Strikes par­a­lyze Greece

Greeks clash as thou­sands protest aus­ter­ity

The Daily Observer - - WORLD NEWS - ELENA BECATOROS and DEREK GATOPOULOS

ATHENS, Greece — An an­ti­aus­ter­ity rally in Greece’s cap­i­tal turned vi­o­lent Wed­nes­day as a gen­eral strike halted flights, fer­ries and pub­lic trans­porta­tion, and thou­sands joined protest marches across the coun­try.

A small group of protesters threw gaso­line bombs and fired flares at riot po­lice af­ter the marches ended in Athens. Po­lice re­sponded with tear gas. The clashes broke out af­ter peace­ful marches in­volv­ing around 12,000 peo­ple.

In a sep­a­rate even­ing protest, more than 3,000 po­lice, fire­fight­ers and coast guards an­gry at im­pend­ing pay cuts gath­ered out­side par­lia­ment chant­ing slo­gans. A small num­ber tried to force their way past po­lice guards into the build­ing and were re­pulsed.

The protests oc­curred as law­mak­ers were set to ap­prove an­other batch of re­forms that will im­pose years more hard­ship on aus­ter­i­ty­weary Greeks.

The new belt-tight­en­ing mea­sures that will be im­posed be­yond the end of Greece’s third bailout next year, in­clud­ing pen­sion cuts and tax hikes. The left-led coali­tion gov­ern­ment agreed to the cuts as part of a deal with the coun­try ’s in­ter­na­tional cred­i­tors to re­lease funds from its bailout.

Thou­sands of protesters were march­ing through cen­tral Athens to­ward par­lia­ment in a se­ries of demon­stra­tions as part of the strike.

“No to the new loot­ing of salaries and pen­sions,” civil ser­vants union ADEDY said.

Po­lice union­ists hung a gi­ant ban­ner off the side of Ly­ca­bet­tus Hill in the cen­tre of Athens, with a slo­gan in Ger­man and Greek read­ing “how much is the life of a Greek po­lice­man worth?”

Pub­lic hos­pi­tals were func­tion­ing with emer­gency staff only, while pub­lic trans­port was dis­rupted, leav­ing many main roads grid­locked in the cap­i­tal. In­ter­city trains were not run­ning, and there was no sub­way ser­vice be­tween Athens air­port and the city. Courts were shut while lawyers and no­taries pub­lic backed away from of­fi­cial du­ties, and cus­toms and lo­cal gov­ern­ment of­fices were closed.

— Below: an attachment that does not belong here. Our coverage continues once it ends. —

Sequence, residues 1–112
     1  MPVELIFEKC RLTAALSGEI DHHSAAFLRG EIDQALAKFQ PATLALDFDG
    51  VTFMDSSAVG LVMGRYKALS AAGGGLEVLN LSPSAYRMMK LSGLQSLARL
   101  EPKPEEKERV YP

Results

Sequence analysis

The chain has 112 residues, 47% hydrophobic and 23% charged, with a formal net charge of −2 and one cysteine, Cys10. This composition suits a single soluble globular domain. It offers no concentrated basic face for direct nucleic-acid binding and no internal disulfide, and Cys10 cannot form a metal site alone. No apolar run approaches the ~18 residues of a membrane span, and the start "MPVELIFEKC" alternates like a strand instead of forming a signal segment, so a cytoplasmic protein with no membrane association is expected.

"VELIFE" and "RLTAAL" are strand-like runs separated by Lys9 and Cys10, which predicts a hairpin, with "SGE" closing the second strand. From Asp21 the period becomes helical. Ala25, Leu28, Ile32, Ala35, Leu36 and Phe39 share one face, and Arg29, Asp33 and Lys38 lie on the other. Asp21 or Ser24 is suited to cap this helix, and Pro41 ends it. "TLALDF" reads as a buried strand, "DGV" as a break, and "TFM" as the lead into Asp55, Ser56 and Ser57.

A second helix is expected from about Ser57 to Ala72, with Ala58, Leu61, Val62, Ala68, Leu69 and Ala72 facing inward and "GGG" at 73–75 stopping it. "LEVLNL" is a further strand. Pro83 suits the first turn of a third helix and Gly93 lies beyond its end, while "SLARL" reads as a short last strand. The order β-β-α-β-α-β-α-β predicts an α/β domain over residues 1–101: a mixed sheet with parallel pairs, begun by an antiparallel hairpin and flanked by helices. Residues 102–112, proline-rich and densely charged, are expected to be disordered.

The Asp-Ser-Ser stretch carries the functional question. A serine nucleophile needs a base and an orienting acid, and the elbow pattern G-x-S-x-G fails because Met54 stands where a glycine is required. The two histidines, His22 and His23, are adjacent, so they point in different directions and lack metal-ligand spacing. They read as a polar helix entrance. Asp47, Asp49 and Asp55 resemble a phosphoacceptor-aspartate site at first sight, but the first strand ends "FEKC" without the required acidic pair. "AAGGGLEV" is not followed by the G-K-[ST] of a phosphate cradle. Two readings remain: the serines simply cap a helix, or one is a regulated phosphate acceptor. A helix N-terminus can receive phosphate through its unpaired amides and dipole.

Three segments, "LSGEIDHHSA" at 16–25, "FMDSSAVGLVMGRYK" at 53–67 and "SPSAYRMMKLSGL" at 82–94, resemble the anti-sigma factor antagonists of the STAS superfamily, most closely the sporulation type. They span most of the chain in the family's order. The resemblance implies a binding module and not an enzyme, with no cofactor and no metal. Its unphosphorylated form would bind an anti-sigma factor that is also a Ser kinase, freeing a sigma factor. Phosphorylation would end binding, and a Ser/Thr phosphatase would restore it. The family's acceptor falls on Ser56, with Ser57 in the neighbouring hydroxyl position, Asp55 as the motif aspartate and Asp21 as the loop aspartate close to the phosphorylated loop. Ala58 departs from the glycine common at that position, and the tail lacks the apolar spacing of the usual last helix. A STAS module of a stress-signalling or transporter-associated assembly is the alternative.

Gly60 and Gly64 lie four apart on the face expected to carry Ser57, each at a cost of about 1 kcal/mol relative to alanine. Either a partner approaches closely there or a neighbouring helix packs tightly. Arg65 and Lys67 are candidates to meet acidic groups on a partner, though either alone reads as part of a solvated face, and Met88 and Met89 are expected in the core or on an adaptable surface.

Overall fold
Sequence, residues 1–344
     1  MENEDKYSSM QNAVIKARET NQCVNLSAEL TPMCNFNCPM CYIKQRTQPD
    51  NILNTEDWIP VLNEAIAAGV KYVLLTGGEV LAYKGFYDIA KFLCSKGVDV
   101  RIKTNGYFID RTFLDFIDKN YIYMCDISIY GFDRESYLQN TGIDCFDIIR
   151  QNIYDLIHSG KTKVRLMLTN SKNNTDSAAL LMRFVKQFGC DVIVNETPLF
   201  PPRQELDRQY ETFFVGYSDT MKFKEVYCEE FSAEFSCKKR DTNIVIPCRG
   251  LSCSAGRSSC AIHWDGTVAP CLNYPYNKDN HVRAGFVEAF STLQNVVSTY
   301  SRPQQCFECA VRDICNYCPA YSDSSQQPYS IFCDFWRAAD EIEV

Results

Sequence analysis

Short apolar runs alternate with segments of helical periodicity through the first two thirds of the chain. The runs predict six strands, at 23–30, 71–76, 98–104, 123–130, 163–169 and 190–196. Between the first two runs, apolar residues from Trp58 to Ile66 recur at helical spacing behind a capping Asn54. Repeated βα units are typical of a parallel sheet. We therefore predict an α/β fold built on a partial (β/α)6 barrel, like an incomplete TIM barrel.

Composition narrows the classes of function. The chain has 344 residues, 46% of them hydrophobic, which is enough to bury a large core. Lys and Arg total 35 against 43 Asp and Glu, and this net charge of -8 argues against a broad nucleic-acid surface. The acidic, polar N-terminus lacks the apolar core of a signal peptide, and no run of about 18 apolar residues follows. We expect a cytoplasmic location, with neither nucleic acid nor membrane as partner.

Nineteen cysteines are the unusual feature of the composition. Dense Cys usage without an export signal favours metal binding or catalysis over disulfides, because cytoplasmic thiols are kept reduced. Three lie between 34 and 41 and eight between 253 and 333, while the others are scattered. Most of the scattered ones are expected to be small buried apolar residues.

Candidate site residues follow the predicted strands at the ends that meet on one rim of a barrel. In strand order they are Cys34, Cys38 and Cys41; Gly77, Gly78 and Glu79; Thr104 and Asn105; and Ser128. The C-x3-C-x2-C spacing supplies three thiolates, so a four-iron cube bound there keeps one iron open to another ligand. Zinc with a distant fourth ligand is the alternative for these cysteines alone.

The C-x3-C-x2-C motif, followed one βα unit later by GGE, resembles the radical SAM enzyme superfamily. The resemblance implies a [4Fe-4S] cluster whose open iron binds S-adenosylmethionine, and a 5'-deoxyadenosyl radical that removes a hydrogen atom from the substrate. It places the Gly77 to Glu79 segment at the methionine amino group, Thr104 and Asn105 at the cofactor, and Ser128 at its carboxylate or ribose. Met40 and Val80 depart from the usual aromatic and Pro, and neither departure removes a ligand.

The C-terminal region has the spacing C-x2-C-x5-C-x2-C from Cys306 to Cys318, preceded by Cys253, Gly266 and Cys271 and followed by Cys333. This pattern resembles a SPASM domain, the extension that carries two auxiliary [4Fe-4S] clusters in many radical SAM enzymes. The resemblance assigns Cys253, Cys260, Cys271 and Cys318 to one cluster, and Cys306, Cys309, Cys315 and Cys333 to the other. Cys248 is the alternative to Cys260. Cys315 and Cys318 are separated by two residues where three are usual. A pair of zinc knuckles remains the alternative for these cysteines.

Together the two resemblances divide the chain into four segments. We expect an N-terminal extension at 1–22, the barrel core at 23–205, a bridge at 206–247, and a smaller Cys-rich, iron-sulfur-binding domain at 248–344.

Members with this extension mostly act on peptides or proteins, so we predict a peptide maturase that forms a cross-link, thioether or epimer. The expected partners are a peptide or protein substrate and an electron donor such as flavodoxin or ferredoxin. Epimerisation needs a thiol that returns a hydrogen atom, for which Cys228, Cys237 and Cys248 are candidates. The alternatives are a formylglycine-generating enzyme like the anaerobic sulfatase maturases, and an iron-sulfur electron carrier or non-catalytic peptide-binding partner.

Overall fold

Air traf­fic con­trollers were hold­ing a four-hour work stop­page in the mid­dle of the day, lead­ing to the reschedul­ing or can­cel­la­tion of more than 150 flights. Fer­ries were also tied up in port un­til late Fri­day af­ter sea­men be­gan a four­day strike Tues­day.

Un­less bailout funds are un­locked, Greece would once more strug­gle to meet a spike in debt re­pay­ments due this sum­mer and face an­other brush with bank­ruptcy.

In par­lia­ment, law­mak­ers were de­bat­ing the mea­sures that in­clude ad­di­tional pen­sion cuts in 2019 and higher in­come tax from 2020, ahead of a Thursday mid­night vote.

On the streets of Athens, opinions on the strike di­verged.

“It doesn’t make a dif­fer­ence whether you strike or not. All the mea­sures will pass any­way,” said Apos­to­los Sei­tani­dis as he walked in the city cen­tre.

But an­other Athe­nian, Pana­gi­o­tis Adamopou­los, dis­agreed.

“Ev­ery strike is a holy thing,” he said. “If we dis­miss it, surely we’ll end up get­ting 300-euro ($456) salaries and 200-euro pen­sions.”

Unions and the op­po­si­tion have com­pared the new mea­sures to those of a fourth bailout, but with­out the cor­re­spond­ing fund­ing from in­ter­na­tional cred­i­tors. The gov­ern­ment, which came to power in 2015 promis­ing to re­peal pre­vi­ous aus­ter­ity mea­sures, has ve­he­mently re­jected the ac­cu­sa­tion, em­pha­siz­ing that it will also take other mea­sures to re­lieve poverty.

Prime Min­is­ter Alexis Tsipras spoke Tues­day morn­ing with Ger­man Chan­cel­lor An­gela Merkel, whose coun­try has been the sin­gle largest con­trib­u­tor to the Greek bailouts, and dis­cussed the is­sue of Greece’s debt, his of­fice said Wed­nes­day.

While the coun­try’s fi­nances have im­proved un­der the bailouts, the belt-tight­en­ing has led to spi­ral­ing poverty. Un­em­ploy­ment, while down from highs of above 27 per cent, hov­ers at around 23 per cent.

THANASSIS STAVRAKIS/THE AS­SO­CI­ATED PRESS

Greek po­lice of­fi­cers with flares chant slo­gans out­side the State Gen­eral Ac­count­ing Of­fice, dur­ing an anti-aus­ter­ity protest in Athens, Wed­nes­day. Greek work­ers have walked off the job across the coun­try for a na­tion­wide gen­eral strike to protest new aus­ter­ity mea­sures to be im­posed be­yond the end of Greece’s third bailout next year.

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